Chemical contamination and the ecological quality of surface water
Baas, J. and Kooijman, S. A. L. M.
Chemical contamination and the ecological quality of surface water.
Envir. Pollut. 158: 1603 - 1607
To assess the quality of surface waters, the typical procedure that is
followed that a land use survey is conducted and based on this the
concentration of contaminants in the surface water is monitored. The
concentration of all the measured contaminants is subsequently
compared with their respective Maximum Permissible Concentrations
(MPCs). This approach leads to a number of questions, most importantly
(assuming that the right contaminants measured): How bad is it if MPCs
are exceeded? And: Is the water quality good if no MPC are exceeded?
We tried to answer these questions by comparing MPCs to observed and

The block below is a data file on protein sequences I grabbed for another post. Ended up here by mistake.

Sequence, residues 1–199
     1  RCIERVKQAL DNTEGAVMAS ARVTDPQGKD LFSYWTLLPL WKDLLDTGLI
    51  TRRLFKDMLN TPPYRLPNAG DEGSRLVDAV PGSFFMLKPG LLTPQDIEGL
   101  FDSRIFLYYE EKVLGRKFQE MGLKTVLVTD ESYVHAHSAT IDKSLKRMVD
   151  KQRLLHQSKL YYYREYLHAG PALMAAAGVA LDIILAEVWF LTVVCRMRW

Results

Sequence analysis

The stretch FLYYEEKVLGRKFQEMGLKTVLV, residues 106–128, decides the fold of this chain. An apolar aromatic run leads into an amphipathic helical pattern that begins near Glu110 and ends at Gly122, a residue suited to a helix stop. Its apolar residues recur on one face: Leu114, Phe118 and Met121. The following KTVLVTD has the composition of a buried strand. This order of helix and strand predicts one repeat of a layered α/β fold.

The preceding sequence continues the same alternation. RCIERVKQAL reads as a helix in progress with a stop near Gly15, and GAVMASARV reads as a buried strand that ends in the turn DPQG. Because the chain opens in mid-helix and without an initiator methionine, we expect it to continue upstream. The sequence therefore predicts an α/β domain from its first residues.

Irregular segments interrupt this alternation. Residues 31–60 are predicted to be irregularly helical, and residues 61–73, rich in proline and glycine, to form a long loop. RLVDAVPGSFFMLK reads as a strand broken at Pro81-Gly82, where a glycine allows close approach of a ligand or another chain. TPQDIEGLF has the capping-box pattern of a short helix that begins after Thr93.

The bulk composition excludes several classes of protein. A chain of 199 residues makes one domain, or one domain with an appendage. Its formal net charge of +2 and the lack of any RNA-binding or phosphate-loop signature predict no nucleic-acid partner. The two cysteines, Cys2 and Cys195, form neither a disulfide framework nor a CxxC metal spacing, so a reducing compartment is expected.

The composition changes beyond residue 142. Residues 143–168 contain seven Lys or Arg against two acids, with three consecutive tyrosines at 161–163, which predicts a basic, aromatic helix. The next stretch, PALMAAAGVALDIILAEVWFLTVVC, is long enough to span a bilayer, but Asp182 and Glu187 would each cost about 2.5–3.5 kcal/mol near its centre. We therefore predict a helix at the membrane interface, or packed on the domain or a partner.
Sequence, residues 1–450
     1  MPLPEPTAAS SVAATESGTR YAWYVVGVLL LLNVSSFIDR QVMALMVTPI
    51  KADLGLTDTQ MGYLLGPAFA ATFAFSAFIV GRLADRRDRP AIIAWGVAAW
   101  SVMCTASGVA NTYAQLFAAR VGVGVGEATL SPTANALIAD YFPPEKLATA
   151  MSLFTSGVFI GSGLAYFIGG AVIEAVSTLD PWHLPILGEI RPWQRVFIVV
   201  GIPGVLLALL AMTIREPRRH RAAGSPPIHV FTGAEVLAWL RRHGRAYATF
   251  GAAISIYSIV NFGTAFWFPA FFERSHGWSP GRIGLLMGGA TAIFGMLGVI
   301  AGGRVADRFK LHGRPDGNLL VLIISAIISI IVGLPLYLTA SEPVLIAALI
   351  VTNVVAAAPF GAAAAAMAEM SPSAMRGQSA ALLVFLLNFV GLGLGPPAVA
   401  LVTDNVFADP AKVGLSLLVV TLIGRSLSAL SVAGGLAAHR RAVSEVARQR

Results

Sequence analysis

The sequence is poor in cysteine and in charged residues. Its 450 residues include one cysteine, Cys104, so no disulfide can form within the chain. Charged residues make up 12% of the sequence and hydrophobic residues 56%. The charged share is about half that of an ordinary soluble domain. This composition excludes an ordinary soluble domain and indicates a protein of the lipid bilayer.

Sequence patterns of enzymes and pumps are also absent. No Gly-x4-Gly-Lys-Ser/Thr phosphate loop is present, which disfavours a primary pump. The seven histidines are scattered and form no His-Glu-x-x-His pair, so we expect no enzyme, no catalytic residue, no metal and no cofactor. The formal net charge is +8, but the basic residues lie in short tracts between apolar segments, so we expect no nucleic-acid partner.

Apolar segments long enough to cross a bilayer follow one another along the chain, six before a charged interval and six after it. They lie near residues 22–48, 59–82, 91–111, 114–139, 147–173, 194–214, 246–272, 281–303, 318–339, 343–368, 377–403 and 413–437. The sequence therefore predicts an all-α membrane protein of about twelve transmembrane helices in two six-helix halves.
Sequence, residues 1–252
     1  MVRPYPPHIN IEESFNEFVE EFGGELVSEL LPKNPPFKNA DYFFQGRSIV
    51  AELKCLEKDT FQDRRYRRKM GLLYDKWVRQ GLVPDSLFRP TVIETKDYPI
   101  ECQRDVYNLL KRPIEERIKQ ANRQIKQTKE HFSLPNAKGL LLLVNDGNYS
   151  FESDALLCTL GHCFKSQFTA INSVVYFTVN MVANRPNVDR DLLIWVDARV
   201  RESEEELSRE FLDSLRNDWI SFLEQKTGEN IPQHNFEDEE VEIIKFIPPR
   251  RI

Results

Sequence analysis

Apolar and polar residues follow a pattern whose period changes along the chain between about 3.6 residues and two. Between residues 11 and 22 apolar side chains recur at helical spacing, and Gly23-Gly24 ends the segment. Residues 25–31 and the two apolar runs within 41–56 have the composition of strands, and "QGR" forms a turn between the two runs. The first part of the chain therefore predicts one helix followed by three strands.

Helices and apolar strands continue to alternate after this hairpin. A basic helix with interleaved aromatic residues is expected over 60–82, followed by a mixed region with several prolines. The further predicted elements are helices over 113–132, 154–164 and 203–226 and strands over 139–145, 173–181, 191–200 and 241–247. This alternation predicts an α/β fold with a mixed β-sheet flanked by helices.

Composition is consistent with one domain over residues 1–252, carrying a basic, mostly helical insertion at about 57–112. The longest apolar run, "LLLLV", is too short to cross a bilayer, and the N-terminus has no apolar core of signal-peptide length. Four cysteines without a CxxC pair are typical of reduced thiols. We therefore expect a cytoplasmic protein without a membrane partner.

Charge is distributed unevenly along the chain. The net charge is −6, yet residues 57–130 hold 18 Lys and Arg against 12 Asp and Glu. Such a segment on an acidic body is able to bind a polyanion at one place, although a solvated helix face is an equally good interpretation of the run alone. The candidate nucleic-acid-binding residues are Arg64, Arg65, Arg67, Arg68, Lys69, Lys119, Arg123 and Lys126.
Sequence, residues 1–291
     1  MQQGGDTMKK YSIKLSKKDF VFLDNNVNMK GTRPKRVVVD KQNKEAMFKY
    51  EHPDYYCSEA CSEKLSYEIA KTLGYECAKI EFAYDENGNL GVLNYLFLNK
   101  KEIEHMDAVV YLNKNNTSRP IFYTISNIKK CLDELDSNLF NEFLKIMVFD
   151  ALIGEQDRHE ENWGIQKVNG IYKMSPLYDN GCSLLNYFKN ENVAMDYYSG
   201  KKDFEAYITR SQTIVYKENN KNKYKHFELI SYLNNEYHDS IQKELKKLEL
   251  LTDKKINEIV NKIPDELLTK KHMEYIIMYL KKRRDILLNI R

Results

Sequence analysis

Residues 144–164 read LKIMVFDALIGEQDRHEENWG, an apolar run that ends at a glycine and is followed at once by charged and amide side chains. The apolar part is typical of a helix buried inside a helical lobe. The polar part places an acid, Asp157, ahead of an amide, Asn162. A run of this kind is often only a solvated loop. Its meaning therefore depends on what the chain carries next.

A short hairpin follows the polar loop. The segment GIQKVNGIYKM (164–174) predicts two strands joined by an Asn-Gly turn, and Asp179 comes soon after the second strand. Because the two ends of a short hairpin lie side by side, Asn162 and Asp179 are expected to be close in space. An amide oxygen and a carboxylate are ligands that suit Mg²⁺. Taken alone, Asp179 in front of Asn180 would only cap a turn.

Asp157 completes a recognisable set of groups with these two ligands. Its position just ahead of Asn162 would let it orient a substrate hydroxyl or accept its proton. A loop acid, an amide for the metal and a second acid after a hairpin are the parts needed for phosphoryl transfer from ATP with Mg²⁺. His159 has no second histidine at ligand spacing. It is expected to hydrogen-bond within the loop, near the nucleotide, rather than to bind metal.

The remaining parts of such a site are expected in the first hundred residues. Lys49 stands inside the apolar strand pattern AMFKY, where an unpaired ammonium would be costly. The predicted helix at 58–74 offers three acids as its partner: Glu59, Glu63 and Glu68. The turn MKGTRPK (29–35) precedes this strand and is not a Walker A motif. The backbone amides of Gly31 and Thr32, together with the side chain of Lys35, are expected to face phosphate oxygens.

calculated effects of contaminants in Dutch surface waters. We show
that there are shortcomings underlying the concepts of the MPCs. And
therefore we can not be sure that the water quality is okay if MPCs
are not exceeded. Neither can we be certain that the water quality is
not safe (for 95 % of all species) if MPCs are exceeded. The lack of
relation between exceeding MPCs and mortality amongst in situ exposed
daphnids underlines this. It is possible to have a daphnid population
go extinct within 30 hours of exposure when it is exposed to a mixture
of metals or pesticides at the concentration level of the maximum
permissible concentration. We conclude that the MPCs aim to protect
95% of all species is not met for a number of compounds taken up in
our analysis. Especially if organisms are exposed to mixtures of
metals or pesticides, as they are in the environment, the objectives
of the MPCs are not met. Specifically the MPC for cadmium and the ad
hoc MPC of 2 ng/l that is used for some pesticides are not strict
enough. Especially for the more potent insecticides, like diazinone.